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Baking English muffins to perfection
May 12, 2017, 8:05 pm

If you are wondering whether preparing English muffins from scratch is worth your while, then the answer is yes. These fluffy-on-theinside, chewy-on-the-outside baked goods are easy to prepare and fancy enough to present to guests. They are just as versatile as bagels and can be paired with spreads, jams and jellies. Here is everything you need to know about preparing English Muffins.

The dough: English muffin dough is most commonly enriched—with butter, milk (or other dairy), and/or sugar—though often only lightly so (and eggs are not usually in the mix). It is a yeast-raised dough that benefits from the structure or higher protein levels of bread flour. Unlike doughs that are intensely mixed, English muffin dough requires minimal handling, which means there is no need for strong, intense gluten strands. Breads that are rigorously mixed, like brioche, have a tight crumb structure, whereas those that are handled minimally have a more open structure. It is also worth noting that the dough should not be overly tacky: If you find yourself with sticky dough, knead in a few tablespoons of extra flour until it is smooth and easy to handle. 

The slow rise: Because English muffin dough takes time to rise, you can always mix the dough the day before preparing using room temperature liquid and refrigerate overnight. Not only does this save time, it also provides excellent flavor—a depth of yeasty goodness that is usually provided by the use of a pre-ferment. Just remember to bring the dough back to room temperature before shaping. But, if you are an all-in-one day type of baker, simply use warm liquid and let the dough rise for an hour before shaping and 15 to 30 minutes after shaping. 

Rolling and shaping: English muffin dough is so soft and tender that it does not require much work to roll into shape. There are a few ways you can handle the shaping process: You might choose to roll out the dough and use a cutter or shape into individual rounds. Once cut into your desired shape, cover loosely with plastic wrap and let them rise for 15 to 20 minutes on your work surface.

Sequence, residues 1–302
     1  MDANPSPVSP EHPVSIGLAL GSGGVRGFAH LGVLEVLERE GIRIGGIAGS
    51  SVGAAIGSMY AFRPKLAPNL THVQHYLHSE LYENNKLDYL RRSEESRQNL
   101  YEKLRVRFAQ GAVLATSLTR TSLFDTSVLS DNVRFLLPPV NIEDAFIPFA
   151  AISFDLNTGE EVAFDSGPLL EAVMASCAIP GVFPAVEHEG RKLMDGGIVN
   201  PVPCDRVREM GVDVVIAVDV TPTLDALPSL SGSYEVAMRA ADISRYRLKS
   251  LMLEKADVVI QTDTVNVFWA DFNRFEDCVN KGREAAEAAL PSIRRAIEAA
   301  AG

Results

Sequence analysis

Dipping the outside: Before you can cook the English muffins, they need an important garnish of sorts. To create the signature outer, the English muffins are dipped in a textured flour or meal, the most common being semolina flour or cornmeal. This coating on the exterior will help the muffins from sticking during the first part of their cooking process.

‘Cooking’ the crust: Once the dough has been shaped and has had its final rise, it is cooked in a cast-iron skillet before it hits the oven. The hot skillet gives the outside a golden, crackly appearance and sets the crust, then the soft interior gets finished in the oven. While this is one extra step, it also means a shorter overall bake time. Make sure the skillet is nice and hot—but not smoking—before adding the muffins. Cook until golden (two to four minutes), then flip and repeat on the other side. If you have a large cast-iron griddle, you can do them all at once. If not, work in batches. Transfer the finished muffins to a parchment-lined baking sheet. 

Baking: English muffins bake at a high temperature for a short amount of time. Bake for seven to nine minutes at 246 degrees Celsius. These muffins will be much puffier and fluffier than the kind you are used to seeing, and since they will not brown too much more in the oven, it can be difficult to tell when they are done. The best way is to stick a thermometer in there. Go in at the side so that the hole will be easier to hide to whomever you are serving and make sure you settle the thermometer in the very center. Look for an internal temperature of between 93 and 102 degrees Celsius. 

Cooling: Muffins must be cooled for five to ten minutes before serving. They will still be nice and warm, but their crumb structure will have had time to set and some steam will slowly escape from the interior. If you are making your muffins a good bit in advance, no problem either. Let them cool completely, then transfer to an airtight container. The cooled muffins can be warmed in a low oven or toasted to perfection. 

Serving: Grab some butter, jam or jelly. Then slather, bite, and repeat.

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